Terrestrial gross primary productivity (GPP) is the largest component of the global carbon cycle and a key process for understanding land ecosystems dynamics. In this study, we used GPP estimates from a combination of eight global biome models participating in the Inter-Sectoral Impact-Model Intercomparison Project phase 2a (ISIMIP2a), the Moderate Resolution Spectroradiometer (MODIS) GPP product, and a data-driven product (Model Tree Ensemble, MTE) to study the spatiotemporal variability of GPP at the regional and global levels. We found the 2000-2010 total global GPP estimated from the model ensemble to be 117±13 Pg C yr-1 (mean ± 1 standard deviation), which was higher than MODIS (112 Pg C yr-1), and close to the MTE (120 Pg C yr-1). The spatial patterns of MODIS, MTE and ISIMIP2a GPP generally agree well, but their temporal trends are different, and the seasonality and inter-annual variability of GPP at the regional and global levels are not completely consistent. For the model ensemble, Tropical Latin America contributes the most to global GPP, Asian regions contribute the most to the global GPP trend, the Northern Hemisphere regions dominate the global GPP seasonal variations, and Oceania is likely the largest contributor to inter-annual variability of global GPP. However, we observed large uncertainties across the eight ISIMIP2a models, which are probably due to the differences in the formulation of underlying photosynthetic processes. The results of this study are useful in understanding the contributions of different regions to global GPP and its spatiotemporal variability, how the model- and observational-based GPP estimates differ from each other in time and space, and the relative strength of the eight models. Our results also highlight the models’ ability to capture the seasonality of GPP that are essential for understanding the inter-annual and seasonal variability of GPP as a major component of the carbon cycle.

  4. Influence of ground level enhancements on the terrestrial production of {sup 10}Be, {sup 14}C and {sup 36}Cl

    Energy Technology Data Exchange (ETDEWEB)

    Herbst, Konstantin; Heber, Bernd [IEAP, Christian-Albrechts-Universitaet zu Kiel, Kiel (Germany); Beer, Juerg [Swiss Federal Institute of Aquatic Science and Technology, EAWAG (Switzerland); Tylka, Allan J. [Space Science Division, Naval Research Laboratory, Washington, DC (United States); Dietrich, William F. [Praxis, Inc., Alexandria, VA (United States)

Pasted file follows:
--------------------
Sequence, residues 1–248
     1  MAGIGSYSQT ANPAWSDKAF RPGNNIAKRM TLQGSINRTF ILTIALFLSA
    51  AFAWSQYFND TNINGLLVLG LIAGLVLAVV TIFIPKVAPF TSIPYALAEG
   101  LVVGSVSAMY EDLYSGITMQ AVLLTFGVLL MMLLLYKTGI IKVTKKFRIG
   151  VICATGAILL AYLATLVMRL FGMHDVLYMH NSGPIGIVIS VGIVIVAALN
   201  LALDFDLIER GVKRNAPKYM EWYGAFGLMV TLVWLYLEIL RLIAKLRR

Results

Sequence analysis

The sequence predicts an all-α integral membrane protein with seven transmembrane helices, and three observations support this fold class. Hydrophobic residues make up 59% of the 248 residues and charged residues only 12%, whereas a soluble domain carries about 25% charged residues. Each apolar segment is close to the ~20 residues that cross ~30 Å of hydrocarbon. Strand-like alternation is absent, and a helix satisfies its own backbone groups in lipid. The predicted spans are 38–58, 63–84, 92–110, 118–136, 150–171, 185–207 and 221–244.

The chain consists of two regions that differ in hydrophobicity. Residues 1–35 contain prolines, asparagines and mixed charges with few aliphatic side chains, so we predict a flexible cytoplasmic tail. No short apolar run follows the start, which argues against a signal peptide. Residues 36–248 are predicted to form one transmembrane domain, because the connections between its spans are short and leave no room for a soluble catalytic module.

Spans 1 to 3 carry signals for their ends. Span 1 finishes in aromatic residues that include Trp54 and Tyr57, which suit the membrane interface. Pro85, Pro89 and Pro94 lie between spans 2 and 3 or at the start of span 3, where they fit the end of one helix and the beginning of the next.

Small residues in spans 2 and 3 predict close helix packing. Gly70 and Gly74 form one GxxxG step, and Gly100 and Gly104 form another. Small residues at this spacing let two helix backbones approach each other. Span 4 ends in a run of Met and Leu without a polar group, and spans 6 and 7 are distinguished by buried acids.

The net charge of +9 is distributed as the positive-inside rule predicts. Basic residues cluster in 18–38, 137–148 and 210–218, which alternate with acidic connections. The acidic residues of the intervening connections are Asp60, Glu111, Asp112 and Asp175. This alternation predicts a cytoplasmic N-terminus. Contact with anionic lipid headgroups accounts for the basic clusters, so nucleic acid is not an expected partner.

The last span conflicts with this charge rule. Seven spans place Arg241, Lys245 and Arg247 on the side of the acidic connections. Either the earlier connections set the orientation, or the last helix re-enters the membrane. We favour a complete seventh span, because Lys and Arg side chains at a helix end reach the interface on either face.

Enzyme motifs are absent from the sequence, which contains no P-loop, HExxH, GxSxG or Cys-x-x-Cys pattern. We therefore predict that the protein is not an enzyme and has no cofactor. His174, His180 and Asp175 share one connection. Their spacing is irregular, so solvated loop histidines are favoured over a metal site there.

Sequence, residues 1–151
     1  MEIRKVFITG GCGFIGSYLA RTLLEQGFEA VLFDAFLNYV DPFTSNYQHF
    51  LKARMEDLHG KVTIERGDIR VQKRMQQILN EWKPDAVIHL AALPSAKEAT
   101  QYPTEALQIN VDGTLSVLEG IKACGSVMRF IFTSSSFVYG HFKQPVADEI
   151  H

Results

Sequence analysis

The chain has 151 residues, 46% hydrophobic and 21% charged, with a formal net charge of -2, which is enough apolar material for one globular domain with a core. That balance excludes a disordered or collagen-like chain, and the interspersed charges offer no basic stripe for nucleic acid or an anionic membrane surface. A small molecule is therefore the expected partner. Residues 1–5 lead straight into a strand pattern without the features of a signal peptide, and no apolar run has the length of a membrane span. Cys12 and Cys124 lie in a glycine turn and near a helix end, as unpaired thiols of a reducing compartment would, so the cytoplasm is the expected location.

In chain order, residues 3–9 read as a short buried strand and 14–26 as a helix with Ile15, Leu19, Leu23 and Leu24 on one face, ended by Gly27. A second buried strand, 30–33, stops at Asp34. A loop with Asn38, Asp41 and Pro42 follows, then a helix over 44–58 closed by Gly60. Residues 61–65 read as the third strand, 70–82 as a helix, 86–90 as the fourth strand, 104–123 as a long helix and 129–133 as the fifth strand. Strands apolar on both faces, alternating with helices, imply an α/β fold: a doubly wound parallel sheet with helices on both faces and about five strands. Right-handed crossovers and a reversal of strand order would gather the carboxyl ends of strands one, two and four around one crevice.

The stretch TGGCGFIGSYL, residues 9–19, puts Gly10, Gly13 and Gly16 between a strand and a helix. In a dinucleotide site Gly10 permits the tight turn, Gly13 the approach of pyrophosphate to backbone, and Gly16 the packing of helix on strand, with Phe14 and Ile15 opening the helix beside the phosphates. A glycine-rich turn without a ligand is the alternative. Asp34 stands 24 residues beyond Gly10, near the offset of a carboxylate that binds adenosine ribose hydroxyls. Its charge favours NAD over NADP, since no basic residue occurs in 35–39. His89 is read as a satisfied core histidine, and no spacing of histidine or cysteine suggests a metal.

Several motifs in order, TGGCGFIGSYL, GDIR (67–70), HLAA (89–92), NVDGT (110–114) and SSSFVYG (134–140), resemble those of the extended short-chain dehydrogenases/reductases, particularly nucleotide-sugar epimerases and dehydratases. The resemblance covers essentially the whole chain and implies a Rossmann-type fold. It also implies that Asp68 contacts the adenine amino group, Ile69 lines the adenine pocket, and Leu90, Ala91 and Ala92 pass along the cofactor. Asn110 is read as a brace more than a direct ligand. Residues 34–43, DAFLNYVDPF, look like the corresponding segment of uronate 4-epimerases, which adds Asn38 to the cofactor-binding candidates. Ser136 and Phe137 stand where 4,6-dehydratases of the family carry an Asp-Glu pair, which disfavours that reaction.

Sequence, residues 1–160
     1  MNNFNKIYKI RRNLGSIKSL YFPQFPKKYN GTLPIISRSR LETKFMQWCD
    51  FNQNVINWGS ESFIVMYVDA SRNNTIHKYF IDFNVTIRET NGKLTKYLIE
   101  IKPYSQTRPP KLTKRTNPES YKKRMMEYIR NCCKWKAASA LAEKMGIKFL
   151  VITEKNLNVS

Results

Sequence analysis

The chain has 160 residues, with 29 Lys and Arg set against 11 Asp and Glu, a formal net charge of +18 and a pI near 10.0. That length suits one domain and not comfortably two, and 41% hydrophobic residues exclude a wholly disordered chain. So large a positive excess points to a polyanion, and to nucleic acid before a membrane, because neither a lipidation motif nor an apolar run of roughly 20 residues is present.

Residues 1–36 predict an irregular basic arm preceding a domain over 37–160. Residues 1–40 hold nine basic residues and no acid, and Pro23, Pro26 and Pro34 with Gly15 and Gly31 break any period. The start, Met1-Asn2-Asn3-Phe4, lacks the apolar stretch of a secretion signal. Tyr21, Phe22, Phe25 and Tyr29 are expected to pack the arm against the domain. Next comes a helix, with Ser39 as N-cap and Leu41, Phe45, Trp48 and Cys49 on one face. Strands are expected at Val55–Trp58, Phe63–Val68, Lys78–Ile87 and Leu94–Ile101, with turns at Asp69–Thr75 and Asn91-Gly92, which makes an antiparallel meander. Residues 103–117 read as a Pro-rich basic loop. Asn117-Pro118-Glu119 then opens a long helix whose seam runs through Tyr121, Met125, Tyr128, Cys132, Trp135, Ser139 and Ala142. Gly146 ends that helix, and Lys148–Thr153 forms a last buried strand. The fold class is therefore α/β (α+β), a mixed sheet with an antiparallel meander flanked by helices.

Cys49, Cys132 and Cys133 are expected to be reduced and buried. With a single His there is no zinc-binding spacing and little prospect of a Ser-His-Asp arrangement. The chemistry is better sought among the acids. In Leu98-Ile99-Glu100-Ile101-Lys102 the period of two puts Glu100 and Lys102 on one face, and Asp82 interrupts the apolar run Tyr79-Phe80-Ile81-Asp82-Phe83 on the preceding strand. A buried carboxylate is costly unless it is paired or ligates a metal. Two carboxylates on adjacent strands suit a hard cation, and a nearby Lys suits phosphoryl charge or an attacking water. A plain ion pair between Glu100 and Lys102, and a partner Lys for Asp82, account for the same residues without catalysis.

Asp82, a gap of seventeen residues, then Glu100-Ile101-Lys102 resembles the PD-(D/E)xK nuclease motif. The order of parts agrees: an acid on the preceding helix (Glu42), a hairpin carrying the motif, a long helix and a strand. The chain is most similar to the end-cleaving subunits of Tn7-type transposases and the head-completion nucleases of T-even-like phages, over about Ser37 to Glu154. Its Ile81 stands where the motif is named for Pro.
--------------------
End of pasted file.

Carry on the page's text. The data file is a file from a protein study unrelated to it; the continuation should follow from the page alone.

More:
2014-07-01

    Cosmogenic radionuclides are a product of the interaction of primary cosmic rays, in particular galactic cosmic rays (GCRs), with the Earth's atmosphere. But only primary particles with energies above several 100 MeV can trigger the necessary reaction chains. Because GCRs are modulated by the solar activity on their way through the interplanetary medium the GCR-induced cosmogenic radionuclide production is anti-correlated to the solar cycle. During phases of strong solar activity also solar energetic particle (SEP) events occur frequently. In particular SEP events which can be detected by ground-based instruments, so-called ground level enhancements (GLEs), may strongly contribute to the cosmogenic radionuclide production. Beside the variation due to the modulation of GCRs we investigate the influence of 58 GLEs, which occurred within the past five solar cycles and discuss the possibility to detect such events in present ice-core and tree-ring records. In addition, an estimate for the probability to find such events over the past 10'000 years, also known as Holocene, during different modulation conditions are given.

  5. Potential role of large oceanic diatoms in new primary production

    Science.gov (United States)

    Goldman, Joel C.

    1993-01-01

    Very large phytoplankton species >50 μm in size, particularly diatoms, generally are found in background numbers throughout the euphotic zone of oceanic waters. Yet, when responding to episodic injections of new nutrients across the nutricline at the base of the euphotic zone these phototrophs may make a disproportionately large contribution to new primary production. To test this concept, we isolated a group of large diatoms from the Sargasso Sea and found that the specific growth rate of several of these species in culture was great enough at the ≈2% light level in oligotrophic waters to meet the requirements of several hypothetical scenarios in which annual rates of new production from the sum of one or more episodic blooms were equal to contemporary estimates. Two of the fast-growing species, Stephanopyxis palmeriana (Greville) Grunow and Pseudoguinardia recta von Stosch, formed giant flocculant masses while growing. Such masses could sink rapidly out of the euphotic zone or be a direct food source for invertebrates or fish higher up the food chain. Not only would a short, simple trophic system with low losses result, but the events would virtually be impossible to observe with conventional sampling.

  6. Estimation of net primary productivity using a process-based model in Gansu Province, Northwest China

    Energy Technology Data Exchange (ETDEWEB)

    Wang, Peijuan; Xie, Donghui; Zhou, Yuyu; E, Youhao; Zhu, Qijiang

    2014-01-16